Editor’s Note: The following guest post is published with the permission of its author, Edward J. Schloss, MD, (Twitter ID @EJSMD) the medical director of cardiac electrophysiology at Christ Hospital in Cincinnati, OH.
Lessons from the Riata Recall– Part III
by Edward J Schloss MD
In two earlier posts on Cardiobrief (here and here), I have written in some detail about the St. Jude Riata/Riata ST lead recalls. In these pieces, I’ve summarized what we know about the design of these leads and their clinical performance. Ultimately I hope this updated information allows clinicians and other interested parties to make intelligent decisions regarding lead follow up and new lead model selection.
This week we’ve seen new important information that sheds additional light on the performance of Riata and Riata ST. As is often the case, new information leads to both new answers and new questions.
Accepted for publication in Heart Rhythm are two new manuscripts that reference these leads. From frequent contributor Robert Hauser and his group at Minneapolis Heart Institute Foundation comes this review of ICD lead related deaths from the FDA MAUDE database. Also accepted for publication is a prospective series of Riata and Riata ST leads that underwent fluoroscopic and electrical evaluation from Parvathaneni et al at Vanderbilt.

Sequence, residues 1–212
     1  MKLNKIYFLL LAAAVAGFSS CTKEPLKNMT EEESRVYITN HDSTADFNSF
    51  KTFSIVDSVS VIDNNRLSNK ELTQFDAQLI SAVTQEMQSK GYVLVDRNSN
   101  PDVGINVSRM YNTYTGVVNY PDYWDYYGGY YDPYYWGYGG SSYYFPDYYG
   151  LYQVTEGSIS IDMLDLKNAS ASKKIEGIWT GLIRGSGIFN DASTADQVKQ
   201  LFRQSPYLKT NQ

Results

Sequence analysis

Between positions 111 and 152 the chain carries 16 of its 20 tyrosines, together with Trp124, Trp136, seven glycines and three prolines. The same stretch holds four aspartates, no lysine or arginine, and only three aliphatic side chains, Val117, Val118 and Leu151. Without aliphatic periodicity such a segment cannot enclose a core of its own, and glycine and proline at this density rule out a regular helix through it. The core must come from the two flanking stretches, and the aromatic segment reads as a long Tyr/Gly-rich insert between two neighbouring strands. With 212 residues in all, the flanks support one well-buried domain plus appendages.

Hauser’s study has been previously reported on this site (20 Deaths Linked to New Problem with Riata Leads). It is notable for being one of the first Riata studies focusing on electrical, rather than structural failures. In the study, 22 (since corrected to 20 by St. Jude review) deaths discovered in the voluntary FDA MAUDE database were linked to failure of the Riata or Riata ST lead. Interestingly, nearly all deaths appear to be due to failure of the high voltage portion of the lead, and most were directly linked to insulation abrasion. This is a failure mechanism not commonly seen with other ICD leads, as noted in the article’s comparison to Medtronic Quattro Secure leads (in which failure of the low voltage conductors is the dominant mechanism). Hauser estimated that failure of the St. Jude leads had an incidence “about 9 times greater than Quattro.”
Close reading of the Hauser data raises some interesting and, at times, troubling points:
Click to continue reading…